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Overview of Wireless Networks

By Najeeb Haider Zaidi

Wireless Network
Difference between Guided and Unguided
Wireless Communications

Rapid Growth
Cellular Systems
Wireless LANs
Wireless Sensors Networks

History of Wireless Networks

Technical Objectives

Current Wireless Systems

Cellular Telephony

Cellular Architecture

Current Cellular Network Architecture

Current Wireless Systems

Cordless Phones

Cordless Phones

Evolved in 1970s
Low Cost Low Mobility Wireless
Link to PSTN
CT-2 are used as telephone
Booth, they have extended range
and nearly the similar voice
Quality as compared to the 1st
Generation Cordless Telephony

Current Wireless Systems

Wireless Local Area Network

Wireless LAN Standards


300MHz spectrum
5GHz frequency Range
Multicarrier Modulations
20-70Mbps Data rate (50m Range)

80MHz Spectrum
2.4GHz Frequency Range
Multicarrier Modulations
1.6Mbps Data rate (150m Range)



Can be used on either 2.4GHz or 5GHz band

Multicarrier Modulations
54Mbps Data rate

Current Wireless Systems

Broadband Wireless Networks

Broadband wireless access provides high-rate
wireless communications between a fixed access
point and multiple terminals.
Provides Interactive Video Services, High Speed
Data Access to Internet to the Home/Business

Types of BWA
28 GHz spectrum for local distribution systems
(local multipoint distribution systems or LMDS).
2 GHz spectrum for metropolitan distribution
systems (multichannel multipoint distribution
services or MMDS).
WiMax 10-66GHz with two sub standards
802.16d and 802.16e.

Applications of The Types

Mobile WIMAX

Current Wireless Systems

Satellite Networks

Satellite Mobile (Voice/Data)

1st Generation Inmarsatt and OmniTRACKS
GEO Satellites
Provides Location Updates and Alphanumeric
Messaging besides 2 way voice communications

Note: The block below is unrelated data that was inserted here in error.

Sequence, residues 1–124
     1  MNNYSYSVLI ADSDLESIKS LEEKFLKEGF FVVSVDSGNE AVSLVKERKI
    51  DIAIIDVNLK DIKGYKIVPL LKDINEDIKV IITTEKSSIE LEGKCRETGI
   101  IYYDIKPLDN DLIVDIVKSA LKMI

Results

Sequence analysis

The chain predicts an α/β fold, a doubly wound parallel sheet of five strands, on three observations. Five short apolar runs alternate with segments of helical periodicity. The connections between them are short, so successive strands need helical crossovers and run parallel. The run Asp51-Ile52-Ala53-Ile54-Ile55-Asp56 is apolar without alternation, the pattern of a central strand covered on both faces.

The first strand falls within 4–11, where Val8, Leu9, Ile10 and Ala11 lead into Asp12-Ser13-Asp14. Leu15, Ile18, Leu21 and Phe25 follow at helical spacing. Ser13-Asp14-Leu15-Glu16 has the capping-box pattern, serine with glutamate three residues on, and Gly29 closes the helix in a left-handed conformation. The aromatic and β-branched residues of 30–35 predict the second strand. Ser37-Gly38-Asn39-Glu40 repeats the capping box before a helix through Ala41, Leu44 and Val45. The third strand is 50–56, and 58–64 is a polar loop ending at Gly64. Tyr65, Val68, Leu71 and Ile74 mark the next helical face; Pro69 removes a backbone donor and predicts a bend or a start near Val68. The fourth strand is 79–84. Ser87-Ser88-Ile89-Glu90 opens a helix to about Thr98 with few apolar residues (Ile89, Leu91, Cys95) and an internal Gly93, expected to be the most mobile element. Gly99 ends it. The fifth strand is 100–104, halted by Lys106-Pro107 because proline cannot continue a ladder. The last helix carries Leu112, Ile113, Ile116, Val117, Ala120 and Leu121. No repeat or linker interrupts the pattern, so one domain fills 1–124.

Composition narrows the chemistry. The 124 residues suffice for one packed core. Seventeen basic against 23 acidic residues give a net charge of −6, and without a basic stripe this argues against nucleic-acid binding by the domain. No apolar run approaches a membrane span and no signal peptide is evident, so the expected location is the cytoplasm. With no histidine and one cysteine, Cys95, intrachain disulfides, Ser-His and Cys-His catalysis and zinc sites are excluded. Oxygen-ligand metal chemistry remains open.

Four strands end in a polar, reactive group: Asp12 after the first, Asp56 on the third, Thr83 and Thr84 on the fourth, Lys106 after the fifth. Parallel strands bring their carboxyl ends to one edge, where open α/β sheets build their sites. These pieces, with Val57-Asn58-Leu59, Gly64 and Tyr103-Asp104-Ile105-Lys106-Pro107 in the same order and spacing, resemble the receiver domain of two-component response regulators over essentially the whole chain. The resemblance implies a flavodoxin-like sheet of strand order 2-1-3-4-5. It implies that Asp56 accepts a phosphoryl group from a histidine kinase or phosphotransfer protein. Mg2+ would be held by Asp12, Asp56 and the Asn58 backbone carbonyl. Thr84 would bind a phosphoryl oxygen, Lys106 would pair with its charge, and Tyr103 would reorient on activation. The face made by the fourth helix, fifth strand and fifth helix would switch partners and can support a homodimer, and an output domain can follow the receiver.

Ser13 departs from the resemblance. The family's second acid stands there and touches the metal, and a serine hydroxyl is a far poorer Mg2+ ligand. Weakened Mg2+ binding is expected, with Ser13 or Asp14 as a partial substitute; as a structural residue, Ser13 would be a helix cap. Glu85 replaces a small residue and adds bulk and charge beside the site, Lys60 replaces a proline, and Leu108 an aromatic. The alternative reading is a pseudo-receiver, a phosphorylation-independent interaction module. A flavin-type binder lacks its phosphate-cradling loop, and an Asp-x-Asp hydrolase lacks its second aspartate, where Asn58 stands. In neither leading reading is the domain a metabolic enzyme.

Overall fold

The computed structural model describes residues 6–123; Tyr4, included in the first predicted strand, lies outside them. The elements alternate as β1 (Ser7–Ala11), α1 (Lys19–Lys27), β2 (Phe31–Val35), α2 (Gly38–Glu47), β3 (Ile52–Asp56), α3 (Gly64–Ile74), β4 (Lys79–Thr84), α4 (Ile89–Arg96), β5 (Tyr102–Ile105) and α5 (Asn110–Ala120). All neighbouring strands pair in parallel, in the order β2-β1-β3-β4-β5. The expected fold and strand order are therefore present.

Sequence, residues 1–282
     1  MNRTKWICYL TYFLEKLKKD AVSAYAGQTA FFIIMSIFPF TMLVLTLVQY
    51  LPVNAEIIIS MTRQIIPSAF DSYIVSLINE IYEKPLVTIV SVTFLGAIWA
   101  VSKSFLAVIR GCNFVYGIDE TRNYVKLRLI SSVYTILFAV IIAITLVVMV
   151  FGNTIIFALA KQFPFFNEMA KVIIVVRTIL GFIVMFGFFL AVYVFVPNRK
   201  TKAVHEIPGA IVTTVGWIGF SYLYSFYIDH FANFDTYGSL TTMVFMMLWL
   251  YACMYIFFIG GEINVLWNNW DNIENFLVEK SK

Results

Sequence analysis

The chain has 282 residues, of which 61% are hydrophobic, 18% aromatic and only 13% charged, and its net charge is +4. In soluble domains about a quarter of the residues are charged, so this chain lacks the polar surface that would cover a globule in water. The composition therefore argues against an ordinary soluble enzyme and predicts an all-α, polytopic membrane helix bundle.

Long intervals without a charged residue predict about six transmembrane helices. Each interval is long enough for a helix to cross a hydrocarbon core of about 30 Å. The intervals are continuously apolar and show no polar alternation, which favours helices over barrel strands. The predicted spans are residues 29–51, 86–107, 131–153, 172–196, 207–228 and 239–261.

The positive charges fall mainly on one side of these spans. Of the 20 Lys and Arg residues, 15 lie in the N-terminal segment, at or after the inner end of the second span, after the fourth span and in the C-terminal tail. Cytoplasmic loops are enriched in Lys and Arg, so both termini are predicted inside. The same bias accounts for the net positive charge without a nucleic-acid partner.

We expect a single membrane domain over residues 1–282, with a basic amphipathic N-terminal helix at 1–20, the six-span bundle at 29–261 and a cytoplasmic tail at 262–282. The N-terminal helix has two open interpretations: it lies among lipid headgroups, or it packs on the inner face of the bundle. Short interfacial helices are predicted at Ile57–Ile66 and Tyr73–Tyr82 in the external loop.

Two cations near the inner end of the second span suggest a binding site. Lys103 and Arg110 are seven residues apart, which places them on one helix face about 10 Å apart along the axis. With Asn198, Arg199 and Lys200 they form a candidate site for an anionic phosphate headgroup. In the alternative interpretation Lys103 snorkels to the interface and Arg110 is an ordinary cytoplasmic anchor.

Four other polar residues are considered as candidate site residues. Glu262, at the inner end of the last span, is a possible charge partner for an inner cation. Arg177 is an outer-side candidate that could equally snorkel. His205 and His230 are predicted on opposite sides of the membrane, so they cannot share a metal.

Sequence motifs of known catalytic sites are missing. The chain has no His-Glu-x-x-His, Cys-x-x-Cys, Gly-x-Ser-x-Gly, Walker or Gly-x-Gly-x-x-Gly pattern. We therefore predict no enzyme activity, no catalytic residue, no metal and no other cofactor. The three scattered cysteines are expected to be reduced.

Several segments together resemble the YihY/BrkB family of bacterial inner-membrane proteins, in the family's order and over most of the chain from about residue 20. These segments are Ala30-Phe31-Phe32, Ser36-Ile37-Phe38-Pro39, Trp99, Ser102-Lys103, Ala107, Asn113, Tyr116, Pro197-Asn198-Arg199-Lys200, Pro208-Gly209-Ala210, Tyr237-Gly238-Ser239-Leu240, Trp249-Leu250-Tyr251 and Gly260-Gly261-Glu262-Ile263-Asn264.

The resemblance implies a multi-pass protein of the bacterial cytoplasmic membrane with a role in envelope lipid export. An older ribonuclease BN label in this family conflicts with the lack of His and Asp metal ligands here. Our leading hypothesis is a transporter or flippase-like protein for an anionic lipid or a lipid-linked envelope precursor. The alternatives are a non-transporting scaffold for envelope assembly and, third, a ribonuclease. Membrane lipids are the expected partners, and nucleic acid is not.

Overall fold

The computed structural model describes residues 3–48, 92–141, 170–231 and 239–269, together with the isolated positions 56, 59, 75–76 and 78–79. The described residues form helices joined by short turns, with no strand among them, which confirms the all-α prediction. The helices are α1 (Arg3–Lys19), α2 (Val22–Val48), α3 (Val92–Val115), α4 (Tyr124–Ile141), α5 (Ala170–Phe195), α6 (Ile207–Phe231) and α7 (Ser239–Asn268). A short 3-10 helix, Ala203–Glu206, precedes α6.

Large and Bulky Handsets are used with 1m Parabolic

2nd Generation (Irridium, Globalstar)

LEO Satellites
Global Roaming with a single Phone Number
Smaller Handset
Data rates upto 10Kbps

Satellite Video Broadcast

Analog Video Broadcast

Digital Video Broadcast
Live Video Coverage
High Capacity VSATT Links
Digital Satellite News Gathering
Satellite Positioning

Current Wireless Systems

Low Cost Low Power Radios
Bluetooth and Zigbee

Provides short range connection between wireless
devices with networking capabilities.
Connection is based on a tiny microchip which can be
installed in Laptops, Mobile phones, Palmtops and
Network Access Points
Achieves 10m range at 1mW of output power and 100m
at 100mW of output power.
The system operates at 2.4GHz unlicensed frequency
Provides 1 Asynchronous Data Channel at 723.2Kbps
3 Synchronous Channels each with 64Kbps data rate can
be used.

The ZigBee3 radio specification is designed for lower
cost and power consumption than Bluetooth .
The specification is based on the IEEE 802.15.4
The radio operates in the same band as Bluetooth, and is
capable of connecting 255 devices per network.
The specification supports data rates of up to 250 Kbps
at a range of up to 30 m.
The goal of ZigBee is to provide radio operation for
months or years without recharging, thereby targeting
applications such as sensor networks and inventory tags.

Current Wireless Systems

Ultra Wideband Radio

Ultra Wide Band Radios

Ultra Wide Band (UWB) radios are extremely wideband radios with very
high potential data rates.
The concept of ultra wide band communications actually originated with
Marconis spark gap transmitter, which occupied a very wide bandwidth.
However, since only a single low-rate user could occupy the spectrum,
wideband communications was abandoned in favor of more efficient
communication techniques.
FCC in 2002 allowed operation of UWB devices as system underlayed
beneath existing users over a 7 GHz range of frequencies.
These systems can operate either at baseband or at a carrier frequency in
the 3.6-10.1 GHz range.
The underlay in theory interferers with all systems in that frequency range,
including critical safety and military systems, unlicensed systems such as
802.11 wireless and Bluetooth, and cellular systems where operators paid
billions of dollars for dedicated spectrum use.